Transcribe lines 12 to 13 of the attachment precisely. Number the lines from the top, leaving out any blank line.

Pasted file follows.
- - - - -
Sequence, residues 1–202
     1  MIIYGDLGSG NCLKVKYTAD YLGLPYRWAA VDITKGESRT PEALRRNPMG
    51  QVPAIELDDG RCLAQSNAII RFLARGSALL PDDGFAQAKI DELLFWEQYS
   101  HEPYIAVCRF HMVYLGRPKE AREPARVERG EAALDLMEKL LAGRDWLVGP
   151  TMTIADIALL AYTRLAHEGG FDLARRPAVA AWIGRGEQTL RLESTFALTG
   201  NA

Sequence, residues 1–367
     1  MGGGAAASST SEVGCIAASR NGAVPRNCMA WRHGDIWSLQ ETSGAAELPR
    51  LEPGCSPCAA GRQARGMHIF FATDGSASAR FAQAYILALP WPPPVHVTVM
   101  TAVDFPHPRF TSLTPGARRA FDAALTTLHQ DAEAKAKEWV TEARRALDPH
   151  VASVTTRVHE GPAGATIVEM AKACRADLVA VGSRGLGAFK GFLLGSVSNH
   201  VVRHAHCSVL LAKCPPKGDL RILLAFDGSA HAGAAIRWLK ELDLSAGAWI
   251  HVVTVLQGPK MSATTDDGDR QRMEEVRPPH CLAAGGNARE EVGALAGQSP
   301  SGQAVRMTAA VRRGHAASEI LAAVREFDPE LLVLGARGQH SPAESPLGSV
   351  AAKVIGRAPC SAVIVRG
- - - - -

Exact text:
   201  VVRHAHCSVL LAKCPPKGDL RILLAFDGSA HAGAAIRWLK ELDLSAGAWI
   251  HVVTVLQGPK MSATTDDGDR QRMEEVRPPH CLAAGGNARE EVGALAGQSP